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In Italy, Silvio Berlusconi is a step closer to leaving office as the Italian Senate adopted new austerity measures required by the European bailout, the BBC reported.
Berlusconi said he'd step down once the measure was passed. It now goes to the lower house, which will meet in a special section over the weekend.
According to the BBC, former EU commissioner Mario Monti is a candidate to lead a non-political interim government designed to lead Italy though the bailout period.
The austerity package includes a mix of higher taxes, wage freezes and spending cuts.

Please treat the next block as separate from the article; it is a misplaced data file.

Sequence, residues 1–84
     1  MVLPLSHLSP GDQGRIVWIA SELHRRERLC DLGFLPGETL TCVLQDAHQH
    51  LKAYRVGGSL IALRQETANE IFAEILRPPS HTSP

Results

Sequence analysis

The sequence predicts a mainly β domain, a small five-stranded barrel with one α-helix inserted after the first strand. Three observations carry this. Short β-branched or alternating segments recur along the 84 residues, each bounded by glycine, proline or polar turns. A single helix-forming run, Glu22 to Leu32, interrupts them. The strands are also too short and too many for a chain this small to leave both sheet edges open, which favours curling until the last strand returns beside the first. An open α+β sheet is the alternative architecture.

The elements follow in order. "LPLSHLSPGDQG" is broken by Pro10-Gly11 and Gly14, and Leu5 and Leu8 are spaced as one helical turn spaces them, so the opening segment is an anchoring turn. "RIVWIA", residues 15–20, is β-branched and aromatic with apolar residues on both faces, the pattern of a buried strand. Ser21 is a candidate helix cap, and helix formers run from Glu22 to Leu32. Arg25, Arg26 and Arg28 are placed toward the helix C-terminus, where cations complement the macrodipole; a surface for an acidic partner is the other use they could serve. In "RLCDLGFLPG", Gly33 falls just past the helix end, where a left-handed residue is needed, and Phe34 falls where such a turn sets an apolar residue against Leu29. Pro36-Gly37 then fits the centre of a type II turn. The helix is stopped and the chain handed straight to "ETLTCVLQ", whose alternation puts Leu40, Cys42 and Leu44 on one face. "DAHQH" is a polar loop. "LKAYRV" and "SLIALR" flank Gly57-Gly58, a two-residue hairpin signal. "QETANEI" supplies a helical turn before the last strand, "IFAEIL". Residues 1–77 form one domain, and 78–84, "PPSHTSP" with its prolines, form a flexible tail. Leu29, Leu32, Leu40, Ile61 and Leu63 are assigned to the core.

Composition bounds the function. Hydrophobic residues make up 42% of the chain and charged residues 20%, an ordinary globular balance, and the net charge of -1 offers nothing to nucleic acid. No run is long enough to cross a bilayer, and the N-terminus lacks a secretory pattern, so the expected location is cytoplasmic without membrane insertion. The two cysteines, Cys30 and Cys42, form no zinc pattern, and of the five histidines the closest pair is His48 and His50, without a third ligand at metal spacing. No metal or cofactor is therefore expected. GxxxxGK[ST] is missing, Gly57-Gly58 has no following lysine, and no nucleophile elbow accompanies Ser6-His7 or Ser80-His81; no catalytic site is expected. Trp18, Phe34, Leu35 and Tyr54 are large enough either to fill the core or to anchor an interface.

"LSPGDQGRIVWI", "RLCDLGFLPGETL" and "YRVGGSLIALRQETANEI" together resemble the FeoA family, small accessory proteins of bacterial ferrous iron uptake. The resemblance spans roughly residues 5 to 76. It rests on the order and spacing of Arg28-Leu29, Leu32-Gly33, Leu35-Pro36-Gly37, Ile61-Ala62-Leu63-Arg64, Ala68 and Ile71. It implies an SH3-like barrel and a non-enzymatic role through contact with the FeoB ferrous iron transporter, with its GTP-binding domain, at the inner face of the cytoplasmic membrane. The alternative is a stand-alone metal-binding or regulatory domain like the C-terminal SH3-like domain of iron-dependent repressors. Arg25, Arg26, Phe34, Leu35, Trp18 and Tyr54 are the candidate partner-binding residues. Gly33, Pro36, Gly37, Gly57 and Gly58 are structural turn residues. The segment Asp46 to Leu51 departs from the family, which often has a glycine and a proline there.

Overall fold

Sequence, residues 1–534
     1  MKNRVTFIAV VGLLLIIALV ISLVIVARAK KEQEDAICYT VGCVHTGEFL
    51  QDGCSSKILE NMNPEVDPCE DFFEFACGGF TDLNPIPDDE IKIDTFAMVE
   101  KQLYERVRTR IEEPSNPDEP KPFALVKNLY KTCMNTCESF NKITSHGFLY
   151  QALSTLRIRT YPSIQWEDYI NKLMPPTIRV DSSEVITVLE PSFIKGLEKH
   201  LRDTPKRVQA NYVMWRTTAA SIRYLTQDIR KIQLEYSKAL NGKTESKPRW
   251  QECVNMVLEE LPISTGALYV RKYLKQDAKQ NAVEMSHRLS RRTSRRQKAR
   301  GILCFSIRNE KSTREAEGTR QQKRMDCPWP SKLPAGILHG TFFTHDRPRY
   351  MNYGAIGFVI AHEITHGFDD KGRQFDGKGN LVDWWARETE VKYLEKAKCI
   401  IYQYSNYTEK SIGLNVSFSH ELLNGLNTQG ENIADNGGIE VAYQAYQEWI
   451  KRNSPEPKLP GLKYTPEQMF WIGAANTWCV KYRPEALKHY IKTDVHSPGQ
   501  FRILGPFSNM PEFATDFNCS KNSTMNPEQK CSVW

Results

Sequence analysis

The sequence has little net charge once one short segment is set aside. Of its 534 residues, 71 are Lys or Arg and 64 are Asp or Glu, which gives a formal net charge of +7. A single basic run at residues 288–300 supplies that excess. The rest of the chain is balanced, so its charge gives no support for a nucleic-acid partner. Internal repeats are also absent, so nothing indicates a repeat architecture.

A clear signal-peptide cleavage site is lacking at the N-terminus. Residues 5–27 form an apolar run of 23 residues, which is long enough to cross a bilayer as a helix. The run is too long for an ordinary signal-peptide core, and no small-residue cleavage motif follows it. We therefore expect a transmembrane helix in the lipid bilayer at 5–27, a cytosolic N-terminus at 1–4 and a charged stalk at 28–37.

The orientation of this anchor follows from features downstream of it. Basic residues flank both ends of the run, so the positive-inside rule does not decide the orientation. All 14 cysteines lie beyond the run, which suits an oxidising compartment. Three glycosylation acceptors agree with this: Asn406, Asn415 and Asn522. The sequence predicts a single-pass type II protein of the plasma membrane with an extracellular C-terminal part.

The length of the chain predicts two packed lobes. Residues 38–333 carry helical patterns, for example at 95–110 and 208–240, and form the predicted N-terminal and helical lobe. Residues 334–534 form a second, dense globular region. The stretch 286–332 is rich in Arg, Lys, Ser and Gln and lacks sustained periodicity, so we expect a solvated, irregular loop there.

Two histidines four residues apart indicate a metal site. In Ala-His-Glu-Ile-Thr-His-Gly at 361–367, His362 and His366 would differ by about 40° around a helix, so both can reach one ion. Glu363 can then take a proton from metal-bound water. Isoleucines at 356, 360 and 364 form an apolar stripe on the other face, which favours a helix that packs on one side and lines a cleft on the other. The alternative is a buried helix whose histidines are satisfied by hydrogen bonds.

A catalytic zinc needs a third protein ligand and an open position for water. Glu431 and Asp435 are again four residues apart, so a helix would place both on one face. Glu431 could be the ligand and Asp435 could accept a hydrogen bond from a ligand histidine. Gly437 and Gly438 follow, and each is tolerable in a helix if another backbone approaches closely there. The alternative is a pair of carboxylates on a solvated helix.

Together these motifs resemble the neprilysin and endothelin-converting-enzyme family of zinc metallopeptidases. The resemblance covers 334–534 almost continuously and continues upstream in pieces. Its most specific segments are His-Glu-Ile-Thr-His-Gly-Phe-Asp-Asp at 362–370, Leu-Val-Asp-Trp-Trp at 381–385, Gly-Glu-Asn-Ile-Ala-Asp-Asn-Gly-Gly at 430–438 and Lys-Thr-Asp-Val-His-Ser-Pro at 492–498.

The progress in Italy rallied the markets Friday, the New York Times reported, with indexes in Britain, France and Germany all closing higher and with the Dow Jones Industrial Average up nearly 2 percent at midday.
As for Monti, who was named a Senator for life in Italy this week, he would be the second so-called technocrat to attempt to rescue his country.
"The question now, in both Italy and Greece, is whether the technocrats can succeed where elected leaders failed — whether pressure from the European Union backed by the whip of the financial markets will be enough to dislodge the entrenched cultures of political patronage that experts largely blame for the slow growth and financial crises that plague both countries, the Times wrote.
European leaders are hopeful the package of financial and leadership changes in both Italy and Greece will help prop up the euro and bring back growth in the Eurozone.
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